but using the scanning telescope was redundant.. decisively is saying that it must be used and it was impossible to use, when its not, since its only a backup system and requires them to be fully dark adapted and have had no recent waste dumps.
edit on 15-5-2012 by choos because: (no reason given)



posted on May, 15 2012 @ 02:53 AM
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reply to post by choos
 


No, incorrect

The scanning scope is not redundant. According to the Apollo narrative, generally speaking, one could not see the constellations in the Apollo sextant, only in the scanning telescope. As such, when the sextant presented a star to an astronaut, the astronaut would then confirm its identity by marking it. This confirmation based on the astronaut's confidence in the auto optics, which means his confidence in the computer.

The Apollo Guidance Computer's sense of platform IS its sense of stars. There is no difference. The Apollo Guidance computer knows the platform to be so aligned by virtue of how in "its mind" the stars are believed to be related to the ship. The computer sees the sip's attitude in terms of the geometry of the stars about it, and as such, when doing a P52, the computer draws on this sense of relationship, ship to surrounding stars if you will, and so then presents a star to the astronaut given this, the computer's sense of where the star should be given the computer's understanding of ship attitude/platform, at any given time.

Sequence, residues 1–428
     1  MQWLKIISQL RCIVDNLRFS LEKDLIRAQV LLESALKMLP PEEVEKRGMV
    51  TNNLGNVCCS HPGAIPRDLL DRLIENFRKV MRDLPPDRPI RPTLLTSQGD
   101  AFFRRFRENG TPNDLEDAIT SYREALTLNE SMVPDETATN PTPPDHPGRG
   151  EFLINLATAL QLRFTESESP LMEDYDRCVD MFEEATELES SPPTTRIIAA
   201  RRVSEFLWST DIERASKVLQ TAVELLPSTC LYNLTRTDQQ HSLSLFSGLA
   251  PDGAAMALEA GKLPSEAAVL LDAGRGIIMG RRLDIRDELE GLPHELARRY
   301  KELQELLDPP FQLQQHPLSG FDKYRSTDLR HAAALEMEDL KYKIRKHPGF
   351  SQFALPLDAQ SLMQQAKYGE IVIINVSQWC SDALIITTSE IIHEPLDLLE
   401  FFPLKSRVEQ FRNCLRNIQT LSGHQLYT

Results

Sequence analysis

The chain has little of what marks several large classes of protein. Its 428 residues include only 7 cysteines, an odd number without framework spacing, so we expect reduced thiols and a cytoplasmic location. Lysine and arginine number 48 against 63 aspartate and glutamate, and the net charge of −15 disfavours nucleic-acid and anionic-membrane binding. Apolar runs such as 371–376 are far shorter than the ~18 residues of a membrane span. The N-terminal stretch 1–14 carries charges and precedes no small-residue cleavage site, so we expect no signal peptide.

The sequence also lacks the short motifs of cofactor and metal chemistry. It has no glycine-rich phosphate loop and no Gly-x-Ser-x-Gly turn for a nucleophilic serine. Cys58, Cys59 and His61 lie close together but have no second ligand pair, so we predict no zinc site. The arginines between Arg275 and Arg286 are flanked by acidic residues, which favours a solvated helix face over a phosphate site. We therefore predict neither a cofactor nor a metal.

The scanning scope is not redundant. The scanning scope does not present one with the star Rigel. The sextant presents Rigel and the astronaut confirms the star given the astronaut's trust in the auto optics. In the case of the telescope, the astronaut SCANS and finds the constellation Orion, of which Rigel is a member. Rigel is then so identified by the astronaut INDEPENDENT of computer assistance.

Equivalently, the computer does not know the constellation Orion. It only knows Rigel, and the computer knows Rigel only as well as the platform is aligned. On the other hand, a genuine astronaut would know both Orion and Rigel. The former by virtue of its characteristic pattern/geometry and its relation to other constellations, the later by virtue of its position within the constellation Orion.